Wednesday, October 30, 2013
End of the Pier Show
Earlier this year, when Nick Cave and the Bad Seeds announced their autumn tour dates, I was relieved that they were not playing the awful Brighton Centre, where I saw them on their last tour in 2008. But the absence of any date in Cave’s adopted home town meant that I was forced to get a ticket for one of their London performances – a regretful decision when they subsequently added a date at the Brighton Dome.
Standing in the bar at the Hammersmith Apollo on Saturday night, I worked out that the last time I had been there it was called the Hammersmith Odeon and it was to see Lou Reed. That was 34 years ago to the month and, in the light of Reed’s death last weekend, it would be easy to be sentimental; but that gig did not go well: prominent in the backing band was cowboy-hatted bassist Ellard “Moose” Boles and his millinery seemed to have influenced Reed’s readings of his classic songs that night. Us young punks, there to worship at the altar of the Velvet Underground, fled into the night at the mellow country arrangements. Lest we forget, though, the first Velvets album was recorded in 1966. Go and listen to it again: while they were recording ‘The Black Angel’s Death Song’, Britain was listening to Dusty Springfield.
Things have not changed that much; in fact, they have probably got worse. While Cave and the Bad Seeds are admired enough to sell out three nights at Hammersmith, Miley Cyrus is popular enough to top the charts; and it is Cyrus’s body that Cave imagines floating in an LA swimming pool in one of six songs from this year’s nine-track album, Push the Sky Away. But it is not just a new album set: Cave leads the Bad Seeds through a set of hell and damnation, from his back catalogue, that is exhausting. As well as brooding perennials Tupelo, Stagger Lee and Red Right Hand¸ we get the darkness of The Mercy Seat and Jack the Ripper, and a screamingly intense version of From Her to Eternity that is the climax of the first half of the performance.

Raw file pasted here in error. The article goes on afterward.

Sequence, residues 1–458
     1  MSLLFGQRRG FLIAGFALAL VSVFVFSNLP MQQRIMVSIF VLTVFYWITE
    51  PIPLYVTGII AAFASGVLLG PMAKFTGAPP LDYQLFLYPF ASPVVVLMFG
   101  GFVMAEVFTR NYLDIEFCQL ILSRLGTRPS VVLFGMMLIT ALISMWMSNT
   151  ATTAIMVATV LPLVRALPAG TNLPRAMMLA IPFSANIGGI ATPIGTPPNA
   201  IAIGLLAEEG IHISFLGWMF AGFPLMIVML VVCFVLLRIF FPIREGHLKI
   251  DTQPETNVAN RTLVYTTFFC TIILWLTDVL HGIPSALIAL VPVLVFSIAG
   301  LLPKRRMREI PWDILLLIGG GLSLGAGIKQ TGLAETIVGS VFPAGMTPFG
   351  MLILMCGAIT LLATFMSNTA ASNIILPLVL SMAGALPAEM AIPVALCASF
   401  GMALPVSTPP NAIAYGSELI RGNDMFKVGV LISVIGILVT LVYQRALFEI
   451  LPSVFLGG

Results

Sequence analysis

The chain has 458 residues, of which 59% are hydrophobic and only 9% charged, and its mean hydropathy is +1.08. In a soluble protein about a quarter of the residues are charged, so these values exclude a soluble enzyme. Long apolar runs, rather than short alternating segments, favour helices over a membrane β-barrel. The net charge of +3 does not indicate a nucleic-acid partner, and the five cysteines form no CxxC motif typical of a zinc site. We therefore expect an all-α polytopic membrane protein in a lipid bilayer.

It would seem churlish to complain when Cave is putting so much energy in as the full southern gothic preacher: prowling the edge of the stage, by turns frightening – “You! With your fucking iphone!” – and flirting with the audience, he shimmies and prances like Trinity in The Matrix about to do Kung Fu. And Warren Ellis’s demented fiddler, slashing at his violin, hair and horsehair flailing, is almost a match. But it is something of a relief from the fire and brimstone when Cave sits at the piano and plays the sublime Love Letter, from No More Shall We Part, and the little heard Far From Me, from The Boatman’s Call. These are the only songs from these two gorgeous albums before the darkness returns - “here comes Lucifer with his canon law” - with Higgs Boson Blues.
After a five-song encore that includes one of the Bad Seeds rare floor-fillers, Deanna, Cave has played for two hours at a mostly frenetic pace. At 56, this might be the last time he gigs night after night with such verve and intensity and, perhaps signalling the way ahead, he returns to the piano for the final encore, a beautiful new ballad that could have come straight from the end of Brighton Pier, Give Us a Kiss.